SUBJECT SELECTIONParticipants will be volunteer students from psychology 101 course at Missouri Western State University. Students will be given extra credit for participation. A notice will be posted on the Psychology Department Online Sign-up System (a departmentally managed, IRB-Approved, web based research sign-up system), where students can read a brief description of this study (see attached informed constent document) and can choose to participate if they desire. Only participants who can comfortably view information presented on a computer screen from a natural viewing distance without the aid of glasses or contact lenses will be asked to participate, because glasses and contact lenses interfere with the eye tracking equipment and cause the measurements to be less reliable.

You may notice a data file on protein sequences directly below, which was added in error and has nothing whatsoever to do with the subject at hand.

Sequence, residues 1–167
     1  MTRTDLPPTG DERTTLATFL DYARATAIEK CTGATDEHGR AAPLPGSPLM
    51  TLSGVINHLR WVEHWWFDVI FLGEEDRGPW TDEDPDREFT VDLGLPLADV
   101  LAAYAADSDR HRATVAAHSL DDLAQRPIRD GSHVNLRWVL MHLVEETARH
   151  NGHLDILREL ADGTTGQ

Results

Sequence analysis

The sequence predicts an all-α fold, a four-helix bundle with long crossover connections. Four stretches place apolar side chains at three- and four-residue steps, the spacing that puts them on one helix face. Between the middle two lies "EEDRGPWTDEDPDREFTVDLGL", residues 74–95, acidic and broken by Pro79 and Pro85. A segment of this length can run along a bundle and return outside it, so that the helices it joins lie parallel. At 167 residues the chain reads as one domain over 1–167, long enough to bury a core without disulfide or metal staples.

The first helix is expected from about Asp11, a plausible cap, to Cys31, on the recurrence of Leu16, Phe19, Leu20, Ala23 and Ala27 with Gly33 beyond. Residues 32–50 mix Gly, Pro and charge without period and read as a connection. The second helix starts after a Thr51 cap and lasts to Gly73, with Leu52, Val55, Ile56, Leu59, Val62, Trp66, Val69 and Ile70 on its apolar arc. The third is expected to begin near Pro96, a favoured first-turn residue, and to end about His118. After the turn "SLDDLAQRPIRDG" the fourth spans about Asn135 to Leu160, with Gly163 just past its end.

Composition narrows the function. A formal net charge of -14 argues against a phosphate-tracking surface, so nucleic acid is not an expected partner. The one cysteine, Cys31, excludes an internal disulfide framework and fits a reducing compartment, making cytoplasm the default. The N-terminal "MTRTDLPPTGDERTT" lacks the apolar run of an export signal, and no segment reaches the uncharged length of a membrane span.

CONFIDENTIALITYParticipants will be asked to sign an informed consent. However, all data from their experiment will only be assigned to a subject number which will not be associated with any information on the informed consent. This ensures that all data and results will remain anonymous. Informed consents will be kept in a secure location to keep records of participation confidential.
PRIMARY SUPPORTING DOCUMENTClick for Word Document
Extension Request on 10-07-2010
Extension Request on 10-10-2011
Extension Request on 10-06-2012